I have been talking to folks in different counties about broadband and COVID. I think everyone I’ve talked to outside of the St Paul and Minneapolis has been using hybrid or full schedule in person classrooms. They are preparing for a change and most deal with families who opt for online only but most folks have kids in school at least part time.
That’s not the case in the Cities. My daughter in St Paul – all distance. Most of our neighbors – all distance. There are some exceptions. It’s hard all around but I think it’s hardest for the folks experiencing homelessness. MinnPost recently wrote about what’s happening to serve those in flux…
It’s the sort of resource barrier that districts are working to remove for many families. Both the Minneapolis and St. Paul Public Schools districts say they are checking in with their homeless and highly mobile families, to see if they still qualify for added services this year. But even that first step — simply connecting and sharing resources that are available, like hotspots — can be complicated, especially during a virtual-only start to the school year. Here’s a closer look at how both Twin Cities districts are supporting their homeless and highly mobile populations during distance learning at the outset of this school year.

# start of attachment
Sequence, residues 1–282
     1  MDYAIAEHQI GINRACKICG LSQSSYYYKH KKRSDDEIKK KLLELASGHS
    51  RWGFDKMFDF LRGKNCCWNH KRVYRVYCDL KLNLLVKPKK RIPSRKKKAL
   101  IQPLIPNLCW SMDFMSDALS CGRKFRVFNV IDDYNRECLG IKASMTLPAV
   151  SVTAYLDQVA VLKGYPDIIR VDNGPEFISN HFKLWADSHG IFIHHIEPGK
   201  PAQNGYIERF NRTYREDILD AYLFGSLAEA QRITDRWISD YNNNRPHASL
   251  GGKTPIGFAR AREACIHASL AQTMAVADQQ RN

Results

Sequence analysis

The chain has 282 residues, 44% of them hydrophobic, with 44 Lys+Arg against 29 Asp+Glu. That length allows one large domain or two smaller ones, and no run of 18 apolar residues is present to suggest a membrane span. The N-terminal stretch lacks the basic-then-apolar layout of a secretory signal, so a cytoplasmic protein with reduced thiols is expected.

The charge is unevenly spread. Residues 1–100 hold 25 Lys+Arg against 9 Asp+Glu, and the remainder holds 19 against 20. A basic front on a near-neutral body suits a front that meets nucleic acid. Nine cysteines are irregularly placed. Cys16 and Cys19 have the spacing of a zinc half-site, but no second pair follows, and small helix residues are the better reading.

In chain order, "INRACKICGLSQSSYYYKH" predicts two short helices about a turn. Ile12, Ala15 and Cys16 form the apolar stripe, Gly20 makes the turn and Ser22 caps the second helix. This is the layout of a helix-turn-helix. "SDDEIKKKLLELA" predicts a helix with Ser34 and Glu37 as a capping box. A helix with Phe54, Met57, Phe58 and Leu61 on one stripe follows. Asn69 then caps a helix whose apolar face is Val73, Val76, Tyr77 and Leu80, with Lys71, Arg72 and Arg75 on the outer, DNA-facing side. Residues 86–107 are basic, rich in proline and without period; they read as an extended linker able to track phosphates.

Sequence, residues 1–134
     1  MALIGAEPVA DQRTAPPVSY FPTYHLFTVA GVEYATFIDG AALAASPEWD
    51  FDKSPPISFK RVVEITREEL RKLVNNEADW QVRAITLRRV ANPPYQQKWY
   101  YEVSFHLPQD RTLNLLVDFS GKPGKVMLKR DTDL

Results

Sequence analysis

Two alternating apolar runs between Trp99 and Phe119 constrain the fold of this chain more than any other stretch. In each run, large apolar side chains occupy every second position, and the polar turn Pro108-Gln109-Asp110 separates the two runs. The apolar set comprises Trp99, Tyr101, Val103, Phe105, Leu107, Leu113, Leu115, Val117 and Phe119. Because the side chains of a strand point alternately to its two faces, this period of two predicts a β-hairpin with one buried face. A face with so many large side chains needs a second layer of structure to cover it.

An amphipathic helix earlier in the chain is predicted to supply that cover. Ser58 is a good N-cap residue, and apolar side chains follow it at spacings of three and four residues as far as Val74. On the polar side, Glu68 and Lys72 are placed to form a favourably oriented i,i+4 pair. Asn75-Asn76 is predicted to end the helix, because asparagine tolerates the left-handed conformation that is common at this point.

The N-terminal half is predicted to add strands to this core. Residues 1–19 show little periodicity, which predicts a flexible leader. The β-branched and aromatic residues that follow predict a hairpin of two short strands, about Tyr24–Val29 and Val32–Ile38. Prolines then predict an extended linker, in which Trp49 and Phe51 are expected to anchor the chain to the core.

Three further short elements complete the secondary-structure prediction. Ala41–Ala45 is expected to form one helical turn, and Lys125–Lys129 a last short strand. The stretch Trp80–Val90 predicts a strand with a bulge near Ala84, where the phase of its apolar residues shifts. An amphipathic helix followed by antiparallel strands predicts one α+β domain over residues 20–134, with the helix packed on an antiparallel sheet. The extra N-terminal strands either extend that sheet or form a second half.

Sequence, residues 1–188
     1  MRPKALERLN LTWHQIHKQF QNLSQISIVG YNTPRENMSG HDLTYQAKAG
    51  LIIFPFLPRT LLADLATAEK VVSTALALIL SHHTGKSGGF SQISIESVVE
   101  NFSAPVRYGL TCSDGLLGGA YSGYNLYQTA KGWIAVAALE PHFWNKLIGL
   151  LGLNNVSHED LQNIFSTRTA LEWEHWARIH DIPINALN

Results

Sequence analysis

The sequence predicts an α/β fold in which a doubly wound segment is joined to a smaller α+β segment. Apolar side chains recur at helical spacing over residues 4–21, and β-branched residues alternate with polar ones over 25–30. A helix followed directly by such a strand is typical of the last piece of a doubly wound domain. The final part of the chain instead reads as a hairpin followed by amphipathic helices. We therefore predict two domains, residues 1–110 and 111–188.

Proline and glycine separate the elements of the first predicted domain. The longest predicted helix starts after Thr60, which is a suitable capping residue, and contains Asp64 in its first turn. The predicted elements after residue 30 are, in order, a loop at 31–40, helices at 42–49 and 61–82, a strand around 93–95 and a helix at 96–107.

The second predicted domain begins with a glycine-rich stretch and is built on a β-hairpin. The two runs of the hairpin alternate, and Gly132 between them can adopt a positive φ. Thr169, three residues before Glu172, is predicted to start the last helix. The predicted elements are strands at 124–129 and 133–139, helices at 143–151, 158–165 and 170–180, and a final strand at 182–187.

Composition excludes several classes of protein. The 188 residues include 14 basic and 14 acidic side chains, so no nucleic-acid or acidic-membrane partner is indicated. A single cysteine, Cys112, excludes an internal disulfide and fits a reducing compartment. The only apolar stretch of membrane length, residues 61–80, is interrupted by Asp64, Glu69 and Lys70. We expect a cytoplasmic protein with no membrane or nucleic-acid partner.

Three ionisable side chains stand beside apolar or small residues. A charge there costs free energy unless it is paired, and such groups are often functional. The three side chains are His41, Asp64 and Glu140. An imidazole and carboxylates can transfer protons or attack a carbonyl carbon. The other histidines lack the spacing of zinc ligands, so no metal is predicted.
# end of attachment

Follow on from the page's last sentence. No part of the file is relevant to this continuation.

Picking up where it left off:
Here is what they have been able to do…
Prior to the pandemic and resulting shift to distance learning, the St. Paul Public Schools district had already deployed a one-to-one iPad program, districtwide. District staff still had to troubleshoot internet access issues with families — and McInerney says she and her team have been helping deliver hotspots and devices to students who may be doubled up with other families in neighboring communities. But having that technology piece in place certainly made for a smoother transition.
In the Minneapolis district, students experiencing homelessness were among the hardest hit last spring. When schools shut down and all learning got pushed to a virtual format in March, Kinzley says her team identified about 1,600 students, out of about 1,900, without access to a computer or internet. “We had that gap to fill in a very short amount of time,” she said, noting engagement data dropped off initially and began to pick up again around week three, once more devices and hotspots had been distributed.
“We’re in a much better place this fall, but there are so many other barriers to engagement, beyond just making sure people have what they need,” she said.
Heading into the 2020-2021 school year, she and her team have been taking a pretty individualized approach, connecting with families to see how they can help remove barriers to distance learning. Sometimes that means sending a staff member out to a family, so they can borrow a cellphone, or arranging a cab so a parent can access registration or another school service. Beyond that, it’s more so a matter of getting word out about the various resources available to families — things like free school meal delivery for those unable to coordinate a curb-side pickup, and access to rental assistance through the Stable Homes, Stable Schools initiative, a partnership between the city, the district and other local entities.